Nixon Visits China III

Lead: Vigorous anti-communism had built Richard Nixon's career. As President he found he had to do business with his old opponents.

Intro.: A Moment in Time with Dan Roberts.

Content: President Nixon had a favorite saying, "when you have a reputation as an early riser, you can sleep late on occasion." By the time he became President in 1969, few doubted Richard Nixon's anti-communism. He was cold warrior of great repute. Yet, he faced tough problems which required the cooperation of those whom during most of his career he had condemned as enemies.

Nixon Visits China II

Lead: Richard Nixon visited China in 1972. Both he and his hosts had reputations to overcome.

Intro.: A Moment in Time with Dan Roberts.

Content: After centuries of rule by often corrupt and inefficient imperial dynasties, China embarked on the road to Revolution in 1912. Inspired by Sun Yat-sen, the nation rejected the empire, but his party, the Guomindang, was not able to establish constitutional government. Corruption and chaos increased, and beginning in the 1920s, the government of Sun's successor, Generalissimo Jiang Kai-shek, was almost constantly involved in a civil war against the Communists led by Mao Zedong. After a truce during which both factions fought the invading Japanese in the 1930s and 1940s, the civil war resumed. The Communists won in 1949 but spent the better part of two decades consolidating their hold on China. During that time relations with the United States remained icy due to tensions over the fate of Taiwan, open conflict in Korea and Vietnam, and clear ideological differences.

Nixon Visits China I

Lead: On February 21, 1972, U.S. President Richard Milhouse Nixon arrived in Beijing, Peoples Republic of China. For the Chinese and for Nixon it was a meeting born of necessity.

Intro.: A Moment in Time with Dan Roberts.

Content: Until the middle of the twentieth century, relations between China and the United States were limited. Up to 1920, the United States was at best a regional power and played a role in East Asia secondary to Britain, France, and even Russia. This had begun around 1900. The United States acquired the Philippines and therefore became a major player in Asian affairs, and it emerged from the First World War as a truly global military and economic power.

1968: The Assassination of Martin Luther King, Jr. II

Introduction: A Moment in Time, 1968: A special series on the 40th anniversary of a year of upheaval, in a world seemingly out of control.

Content: In early April 1968 the Rev. Dr. Martin Luther King, Jr. flew back to Memphis, Tennessee where, in his absence on March 28th, protests in support of a garbage workers strike had turned violent. He had been leading the protests and was determined to cool things off and enforce his brand of non-violent agitation.

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1968: The Assassination of Martin Luther King, Jr. I

Introduction: A Moment in Time, 1968: A special series on the 40th anniversary of a year of upheaval, in a world seemingly out of control.

Content: The Rev. Dr. Martin Luther King, Jr. spent his short career fighting for equality for blacks and for the poor. By the late 1960’s he had endured attacks from nearly every entrenched part of the American establishment. He was under relentless surveillance by the FBI. Director J. Edgar Hoover saw him as a threat to the nation’s stability and, inaccurately, as a closet communist. The Bureau went so far as to send King fabricated death threats and regularly spied on his private life.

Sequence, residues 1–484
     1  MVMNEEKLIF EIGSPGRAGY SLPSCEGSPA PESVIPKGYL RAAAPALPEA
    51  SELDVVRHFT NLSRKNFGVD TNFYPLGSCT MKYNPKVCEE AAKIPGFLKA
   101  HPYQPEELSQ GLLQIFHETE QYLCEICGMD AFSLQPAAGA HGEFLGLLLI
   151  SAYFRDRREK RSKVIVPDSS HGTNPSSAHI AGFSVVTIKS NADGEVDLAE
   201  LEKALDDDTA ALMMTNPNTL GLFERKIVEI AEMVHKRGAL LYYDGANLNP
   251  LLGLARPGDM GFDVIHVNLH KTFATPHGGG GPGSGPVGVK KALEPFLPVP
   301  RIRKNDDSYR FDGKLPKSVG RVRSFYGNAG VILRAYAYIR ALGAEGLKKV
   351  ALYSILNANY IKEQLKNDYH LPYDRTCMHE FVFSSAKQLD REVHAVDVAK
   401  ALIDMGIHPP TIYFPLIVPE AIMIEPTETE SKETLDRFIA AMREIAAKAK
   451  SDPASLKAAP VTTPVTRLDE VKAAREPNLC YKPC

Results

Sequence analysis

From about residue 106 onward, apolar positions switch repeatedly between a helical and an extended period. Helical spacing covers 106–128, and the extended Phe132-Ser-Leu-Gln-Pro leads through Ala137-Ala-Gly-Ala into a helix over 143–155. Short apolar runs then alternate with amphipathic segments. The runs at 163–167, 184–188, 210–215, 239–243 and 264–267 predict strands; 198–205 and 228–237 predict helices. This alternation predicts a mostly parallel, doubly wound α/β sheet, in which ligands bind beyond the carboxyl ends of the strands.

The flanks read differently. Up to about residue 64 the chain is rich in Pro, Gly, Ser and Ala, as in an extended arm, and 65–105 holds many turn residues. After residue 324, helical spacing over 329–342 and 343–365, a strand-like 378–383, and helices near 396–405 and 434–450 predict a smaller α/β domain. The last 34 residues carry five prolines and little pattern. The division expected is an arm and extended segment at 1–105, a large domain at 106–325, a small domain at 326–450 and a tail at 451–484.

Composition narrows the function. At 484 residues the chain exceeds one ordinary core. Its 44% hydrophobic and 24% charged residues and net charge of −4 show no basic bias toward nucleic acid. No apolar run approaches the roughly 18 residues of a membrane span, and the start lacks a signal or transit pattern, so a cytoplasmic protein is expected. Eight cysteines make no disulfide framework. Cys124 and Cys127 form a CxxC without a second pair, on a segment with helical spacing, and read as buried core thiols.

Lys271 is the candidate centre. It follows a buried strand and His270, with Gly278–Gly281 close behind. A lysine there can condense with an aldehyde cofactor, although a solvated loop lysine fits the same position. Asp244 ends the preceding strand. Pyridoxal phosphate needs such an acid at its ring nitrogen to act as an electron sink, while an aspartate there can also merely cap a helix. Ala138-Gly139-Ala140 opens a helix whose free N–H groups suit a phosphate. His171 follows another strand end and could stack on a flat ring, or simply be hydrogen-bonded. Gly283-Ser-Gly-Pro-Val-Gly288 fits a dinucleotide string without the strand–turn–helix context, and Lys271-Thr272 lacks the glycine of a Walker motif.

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House Divided: Collapse of the Confederacy V

Lead: One hundred and fifty years ago the Republic was facing its greatest crisis. This continuing series examines the American Civil War. It is "A House Divided."

Intro: A Moment in Time with Dan Roberts.

Content: With the prospects of Confederate defeat around Petersburg increasing with each passing day, in spring 1865 Robert E Lee planned for a last campaign. He would give up the Capital at Richmond, extract his army, march south, connect with Joseph Johnston in North Carolina, defeat William Sherman, and with the last remaining serious Confederate army, deal Grant such a resounding blow that the North would be forced to seriously treat for peace. It was a daring plan and, of course, it failed.

House Divided: Collapse of the Confederacy IV

Lead: One hundred and fifty years ago the Republic was facing its greatest crisis. This continuing series examines the American Civil War. It is "A House Divided."

Intro: A Moment in Time with Dan Roberts.

Content: Robert E. Lee had known it would come to this. He told Jubal Early that a siege was disastrous and would doom his army to defeat. His lines were paper thin around Petersburg and every day Yankee strength proved increasingly irresistible. Yet in the weeks of early spring 1865, he dreamed of a breakout, of joining Joseph Johnston in North Carolina and of a last campaign, first against Sherman, and then against Grant, whom he hoped he could give the slip.

House Divided: Collapse of the Confederacy III

Lead: One hundred and fifty years ago the Republic was facing its greatest crisis. This continuing series examines the American Civil War. It is "A House Divided."

Intro: A Moment in Time with Dan Roberts.

Content: In the end it was a matter of choice. Either it would be independence or freedom for the slaves. The rehearsed arguments across the South echoed the bitter national debates of the 1850s. Slavery was morally beneficial for both master and slave. Senator Hunter said, “what did we go to war for, if not to protect our property?” Howell Cobb of Georgia fumed, “if slaves will make good soldiers our whole theory of slavery is wrong. The day you make soldiers of them is the beginning of the end of the revolution.”